Here in New England, for the last couple of years, a large furniture store chain called Jordan’s Furniture has run a clever promotion — if the Red Sox win the World Series, you get the furniture you bought during a certain time period for free.
I’m starting to wonder whether we’ll soon be seeing a deal like that from the big software vendors, who seem to keep getting more and more aggressive with their discounts.
iPhones are cool. I don’t have one, but people in my office have been kind enough to let me use theirs. I love that app that picks a restaurant for you when you shake the phone.
But that’s what I associate with the iPhone — fun, not business. I know people who use the iPhone to access corporate email. And I’ve heard of companies piloting the iPhone as a business tool, but they’re still relying primarily on a BlackBerry.
It seems like others share my sentiments. About a month ago, CIOs on a panel organized by SAP for the launch of Business Suite 7 shared their thoughts on the iPhone for business — so did SAP CEO Leo Apotheker. Apotheker said demand for SAP’s CRM application is much higher on the BlackBerry than it is on the iPhone.
Most said they didn’t use the iPhone for business very much. One CIO even went so far as to say it wasn’t a business tool, according to one blog.
But things are not always what they seem. The BlackBerry may have started out as a business tool — but consumers wanted more. Now you can get many comparable iPhone apps (granted, most aren’t as cool) on the BlackBerry. You can look at your Facebook page, check your Gmail or jump on YouTube for a quick laugh — all between using it to log into CRM to check your company’s sales goals for that month.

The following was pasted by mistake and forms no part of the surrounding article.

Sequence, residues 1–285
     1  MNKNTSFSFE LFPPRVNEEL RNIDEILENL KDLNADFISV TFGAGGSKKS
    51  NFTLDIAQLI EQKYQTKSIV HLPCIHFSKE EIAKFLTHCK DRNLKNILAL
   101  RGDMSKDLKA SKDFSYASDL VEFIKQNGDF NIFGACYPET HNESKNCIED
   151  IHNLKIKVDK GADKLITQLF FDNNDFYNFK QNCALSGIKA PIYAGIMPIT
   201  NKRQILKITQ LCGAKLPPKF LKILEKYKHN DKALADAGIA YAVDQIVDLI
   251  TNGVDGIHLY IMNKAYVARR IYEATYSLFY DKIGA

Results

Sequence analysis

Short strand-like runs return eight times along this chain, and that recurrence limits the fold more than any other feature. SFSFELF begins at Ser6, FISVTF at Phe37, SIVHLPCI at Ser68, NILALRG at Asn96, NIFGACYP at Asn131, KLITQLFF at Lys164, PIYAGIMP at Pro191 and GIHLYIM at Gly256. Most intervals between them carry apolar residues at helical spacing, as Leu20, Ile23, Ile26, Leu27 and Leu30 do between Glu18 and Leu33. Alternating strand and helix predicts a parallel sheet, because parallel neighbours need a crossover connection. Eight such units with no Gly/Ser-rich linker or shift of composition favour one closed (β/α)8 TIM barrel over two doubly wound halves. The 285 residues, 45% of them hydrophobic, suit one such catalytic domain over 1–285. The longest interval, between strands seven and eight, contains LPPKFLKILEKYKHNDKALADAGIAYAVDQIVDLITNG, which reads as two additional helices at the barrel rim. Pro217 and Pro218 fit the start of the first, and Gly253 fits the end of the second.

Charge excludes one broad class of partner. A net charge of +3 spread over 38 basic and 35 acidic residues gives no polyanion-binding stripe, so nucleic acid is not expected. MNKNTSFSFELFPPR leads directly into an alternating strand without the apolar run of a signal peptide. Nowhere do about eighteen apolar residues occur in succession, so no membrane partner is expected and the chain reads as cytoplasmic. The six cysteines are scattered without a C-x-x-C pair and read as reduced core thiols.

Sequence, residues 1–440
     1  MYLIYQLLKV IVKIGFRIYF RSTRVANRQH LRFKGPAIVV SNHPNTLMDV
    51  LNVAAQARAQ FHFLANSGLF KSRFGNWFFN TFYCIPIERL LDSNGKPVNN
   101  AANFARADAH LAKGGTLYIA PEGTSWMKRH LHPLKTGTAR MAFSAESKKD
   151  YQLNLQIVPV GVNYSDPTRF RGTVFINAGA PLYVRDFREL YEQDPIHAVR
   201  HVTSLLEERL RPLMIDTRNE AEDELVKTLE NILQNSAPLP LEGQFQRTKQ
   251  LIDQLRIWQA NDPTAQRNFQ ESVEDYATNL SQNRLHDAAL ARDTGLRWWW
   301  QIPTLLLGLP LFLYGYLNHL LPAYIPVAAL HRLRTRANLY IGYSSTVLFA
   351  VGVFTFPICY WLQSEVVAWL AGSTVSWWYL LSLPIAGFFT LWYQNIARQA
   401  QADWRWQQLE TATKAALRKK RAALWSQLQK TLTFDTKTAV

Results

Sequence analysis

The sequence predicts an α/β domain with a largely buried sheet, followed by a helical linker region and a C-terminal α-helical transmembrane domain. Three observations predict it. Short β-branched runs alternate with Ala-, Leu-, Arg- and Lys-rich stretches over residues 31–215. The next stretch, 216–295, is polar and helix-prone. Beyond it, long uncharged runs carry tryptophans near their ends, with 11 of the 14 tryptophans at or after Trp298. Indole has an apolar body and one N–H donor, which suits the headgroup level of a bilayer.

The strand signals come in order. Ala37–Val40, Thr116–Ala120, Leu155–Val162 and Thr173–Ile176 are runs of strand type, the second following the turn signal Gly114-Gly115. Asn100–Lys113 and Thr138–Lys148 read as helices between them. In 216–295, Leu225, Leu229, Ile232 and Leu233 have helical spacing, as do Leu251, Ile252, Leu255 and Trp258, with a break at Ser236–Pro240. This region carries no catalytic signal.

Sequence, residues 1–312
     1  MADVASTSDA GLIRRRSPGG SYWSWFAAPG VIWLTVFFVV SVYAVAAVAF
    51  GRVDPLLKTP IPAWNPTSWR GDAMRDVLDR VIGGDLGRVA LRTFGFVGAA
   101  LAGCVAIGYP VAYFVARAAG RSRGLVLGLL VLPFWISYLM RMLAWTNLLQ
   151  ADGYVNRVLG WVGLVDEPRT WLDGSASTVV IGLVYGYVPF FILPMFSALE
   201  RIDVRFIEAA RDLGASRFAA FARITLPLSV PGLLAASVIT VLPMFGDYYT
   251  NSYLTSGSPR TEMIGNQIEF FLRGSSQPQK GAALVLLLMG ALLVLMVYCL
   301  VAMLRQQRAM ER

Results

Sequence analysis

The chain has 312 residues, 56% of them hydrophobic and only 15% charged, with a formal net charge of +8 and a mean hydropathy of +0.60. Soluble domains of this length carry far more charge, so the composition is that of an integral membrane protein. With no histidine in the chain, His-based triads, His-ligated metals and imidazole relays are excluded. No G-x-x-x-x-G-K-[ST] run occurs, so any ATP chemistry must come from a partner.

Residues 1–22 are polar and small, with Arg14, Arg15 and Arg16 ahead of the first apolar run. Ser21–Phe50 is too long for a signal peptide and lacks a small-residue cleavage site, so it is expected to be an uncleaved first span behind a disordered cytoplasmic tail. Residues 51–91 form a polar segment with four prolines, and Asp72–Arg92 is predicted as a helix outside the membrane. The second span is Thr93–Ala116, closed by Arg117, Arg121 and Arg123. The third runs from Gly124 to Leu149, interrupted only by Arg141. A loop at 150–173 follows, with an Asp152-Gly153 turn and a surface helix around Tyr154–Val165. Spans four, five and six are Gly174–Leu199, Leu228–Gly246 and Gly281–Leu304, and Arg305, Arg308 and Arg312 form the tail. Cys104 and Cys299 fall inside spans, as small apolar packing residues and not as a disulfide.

SAP named Peter Graf its first chief sustainability officer Monday. He’ll oversee development of so-called sustainable software for customers, as well as lead the vendor’s own ambitious sustainability efforts.
SAP has pledged to cut its carbon footprint in half (currently 513,000t CO2) by 2020. Among other things, the company will focus on virtualization in the data center, and cut back on business travel, replacing it with the company’s telepresence system from Cisco.
But the announcement came with less clarity around exactly what these sustainable applications would look like or when they would be available.
Rob Enslin will serve as president of SAP North America, SAP announced Wednesday.
Seem like he’s got his work cut out for him. It’s no secret that selling software now is tougher, in the United States at least, for every vendor, than it has been in the last few years.
I recently spoke with a company with a unique story — they were actually growing their landscape supply business despite the recession. They credited their SAP Business One software with helping them do so.
But when I asked Bamboo Pipeline about any problems it experienced with the software, its one gripe was a common one — the ERP implementation took twice as long as the company was told it would.
The sentiment is consistent with a recent report by Panorama Consulting Group. Of the more than 3,000 companies surveyed, 93% said their ERP implementations took longer than they expected and 65% indicated that they went over budget. Companies named lack-of employee buy-in and lack of the proper ERP skills as the two main culprits for ERP implementation problems.
Our readers have been lending some interesting advice on how to avoid ERP implementation failures, in response to a recent blog post, “What’s the real trend in failed SAP projects?” The blog questioned who was really to blame for the recent Shane Co. and Select Comfort SAP ERP implementation failures — the software, the system integrators or the company’s management.
Ensuring that you have the right skills on your project team is cited in multiple responses. In that light, SAP’s announcement this week that it will focus on increasing the quality of its workforce — largely through pushing SAP certification — is quite interesting.
SAP is not putting clauses into contracts that restrict customers from seeking third-party maintenance despite claims to the contrary, an SAP spokesman said today.
But claims that the vendor was doing so put maintenance and support back on the radar yesterday, sparked by a post on Twitter that generated quick buzz around the blogosphere.